The Path to Molecular Diagnostics – MB(ASCP) Certification

While I have been working in the field of all things “Molecular” for close to twelve years, it wasn’t until early this year that I decided to actually sit for the ASCP certification exam in Molecular Biology. With over five years working in research and currently going on seven years in a clinical lab, I was feeling pretty confident about my knowledge and background, but then panic set in. Would I be able to pass a test? I haven’t taken an exam since my final years of college! I have two young children who are extremely active in extracurricular activities, a husband who also works full time. Needless to say, any extra time I had for myself would be spent studying. It didn’t take long to find out that while there was a very general outline of topics covered and an extensive list of textbooks to serve as a starting point, there were not specific details on where to focus my efforts. There was no single study guide, no tangible tools I could utilize to make exam preparation fit into my busy life any easier.

Fast forward to the present, where all of the panic was for not. In February I did pass (with flying colors) and happily sport MB (ASCP)CM after my name. When I was recently approached about writing on a regular basis for Lablogatory, I knew it would be an amazing opportunity to educate others on the exciting field of Molecular Diagnostics as well as combat the fear that comes with taking the Molecular Biology exam. I plan to focus on more specific areas in the field of Molecular Diagnostics that I came across in my studies, which will help others in their preparation for the MB(ASCP) exam. I will cover theory, applications, techniques, and practices. Also, keep an eye out for case study questions that I will provide to stretch your thinking through interpretation of molecular results, at the same time, keeping you up to date on hot topics in the field.

With all that said, the first most important suggestion I have is: spend time preparing to study. While it might seem silly to some, having a plan BEFORE you jump into study mode will actually set you up for success. All too often, just reading everything you can on every single topic will result in information overload and ultimately burn you out. You will quickly find yourself jumping all over the place frantically trying to memorize every detail you come across.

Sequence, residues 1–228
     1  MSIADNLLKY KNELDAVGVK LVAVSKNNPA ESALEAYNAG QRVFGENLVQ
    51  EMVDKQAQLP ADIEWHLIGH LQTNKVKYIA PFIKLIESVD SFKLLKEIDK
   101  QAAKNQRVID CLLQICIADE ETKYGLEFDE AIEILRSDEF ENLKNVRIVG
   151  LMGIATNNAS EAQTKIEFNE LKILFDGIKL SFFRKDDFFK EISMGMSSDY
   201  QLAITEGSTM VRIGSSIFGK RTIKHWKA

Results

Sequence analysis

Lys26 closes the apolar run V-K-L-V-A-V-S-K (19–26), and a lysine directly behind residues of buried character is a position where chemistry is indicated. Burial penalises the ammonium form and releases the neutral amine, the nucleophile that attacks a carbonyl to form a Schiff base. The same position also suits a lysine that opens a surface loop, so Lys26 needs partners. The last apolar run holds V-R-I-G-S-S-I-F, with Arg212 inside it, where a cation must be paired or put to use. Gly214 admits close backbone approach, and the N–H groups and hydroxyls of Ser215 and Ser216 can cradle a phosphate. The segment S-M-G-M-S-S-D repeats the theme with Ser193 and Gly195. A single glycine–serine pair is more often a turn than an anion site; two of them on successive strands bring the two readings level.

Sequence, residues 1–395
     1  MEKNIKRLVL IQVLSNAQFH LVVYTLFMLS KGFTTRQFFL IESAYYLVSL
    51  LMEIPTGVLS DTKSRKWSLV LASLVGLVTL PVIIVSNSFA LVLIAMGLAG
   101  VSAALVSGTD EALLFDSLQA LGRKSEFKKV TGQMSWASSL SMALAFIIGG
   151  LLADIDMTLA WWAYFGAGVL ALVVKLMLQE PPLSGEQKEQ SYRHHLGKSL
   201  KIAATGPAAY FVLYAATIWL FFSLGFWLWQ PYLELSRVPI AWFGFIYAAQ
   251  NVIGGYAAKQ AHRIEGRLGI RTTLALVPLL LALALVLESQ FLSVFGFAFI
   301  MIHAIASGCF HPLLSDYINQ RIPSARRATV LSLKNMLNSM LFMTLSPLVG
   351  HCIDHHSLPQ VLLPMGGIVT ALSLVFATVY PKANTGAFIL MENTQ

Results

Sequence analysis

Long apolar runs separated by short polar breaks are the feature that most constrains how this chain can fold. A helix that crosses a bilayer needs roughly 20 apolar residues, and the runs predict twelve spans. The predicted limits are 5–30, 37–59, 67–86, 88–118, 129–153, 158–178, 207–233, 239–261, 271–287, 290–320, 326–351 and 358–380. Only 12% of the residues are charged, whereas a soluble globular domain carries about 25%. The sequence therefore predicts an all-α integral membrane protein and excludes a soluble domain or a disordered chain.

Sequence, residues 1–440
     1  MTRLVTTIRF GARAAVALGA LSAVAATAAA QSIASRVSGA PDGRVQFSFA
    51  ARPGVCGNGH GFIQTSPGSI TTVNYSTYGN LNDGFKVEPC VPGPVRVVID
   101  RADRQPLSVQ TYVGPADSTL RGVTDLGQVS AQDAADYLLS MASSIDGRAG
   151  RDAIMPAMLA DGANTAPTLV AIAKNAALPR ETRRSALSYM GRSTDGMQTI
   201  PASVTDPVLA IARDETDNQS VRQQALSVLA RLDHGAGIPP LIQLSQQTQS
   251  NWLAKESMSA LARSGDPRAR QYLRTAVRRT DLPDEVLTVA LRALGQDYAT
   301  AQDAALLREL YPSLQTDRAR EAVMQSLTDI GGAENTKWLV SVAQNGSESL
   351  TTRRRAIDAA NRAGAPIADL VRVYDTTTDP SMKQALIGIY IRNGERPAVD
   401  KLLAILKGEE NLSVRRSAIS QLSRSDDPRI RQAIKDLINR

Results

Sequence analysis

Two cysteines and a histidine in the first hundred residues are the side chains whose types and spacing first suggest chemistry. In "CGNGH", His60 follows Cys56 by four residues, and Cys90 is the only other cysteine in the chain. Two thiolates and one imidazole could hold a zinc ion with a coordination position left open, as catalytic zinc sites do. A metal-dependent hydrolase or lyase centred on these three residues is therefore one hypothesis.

First, browse the content outline and choose some texts to review. Notice how I say, “Choose some?” Don’t feel like you have to read all of them. I went online and reviewed the texts, I asked colleagues for recommendations, then decided to purchase two books. You might find that you need more or less, just don’t go overboard.


Next organize a binder. I am extremely visual and hands on so I study best with things in front of me that aren’t electronic based. I divided my binder based on the content outline. You will come across papers, technical notes, and procedures that you will want to keep as study tools. Having a binder for all of these notes from multiple sources will keep you on track. It will also serve as a great reference guide for you as you move through your career.


Now is where you can get super retro. You may have noticed in my photos that I made flash cards! It is a little archaic and time consuming, but I knew I was going to be busy with my daughter’s traveling basketball team; therefore, I needed something small I could take with me to study while sitting on the bleachers. I am aware of software programs that allow you to make electronic based flash cards, so if that works better for you feel free to try that route.

My take home message is, obtain and prepare whatever tools you need to get yourself ready to study. Organization is key and setting aside time each day, even if only an hour to focus on one application or theory will definitely be to your benefit. Reach out to colleagues and gather as much information as you can. Once all of your tools are in place, it’s time to get to work! For anyone interested in obtaining their MB(ASCP) certification, I urge you to check out the content outline and list of texts on the ASCP Board of Certification site.

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-LeAnne Noll, BS, MB(ASCP)CM is a molecular technologist at Children’s Hospital of Wisconsin and was recognized as one of ASCP’s Top Five from the 40 Under Forty Program in 2015.